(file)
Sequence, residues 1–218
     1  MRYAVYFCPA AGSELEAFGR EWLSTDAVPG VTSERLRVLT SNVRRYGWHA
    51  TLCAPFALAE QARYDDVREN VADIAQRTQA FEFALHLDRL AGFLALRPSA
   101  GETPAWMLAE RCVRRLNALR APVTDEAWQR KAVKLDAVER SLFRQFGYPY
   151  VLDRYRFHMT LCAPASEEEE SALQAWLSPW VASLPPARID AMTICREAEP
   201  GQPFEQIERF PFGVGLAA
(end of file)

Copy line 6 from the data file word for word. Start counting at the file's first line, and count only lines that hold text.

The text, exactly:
   201  GQPFEQIERF PFGVGLAA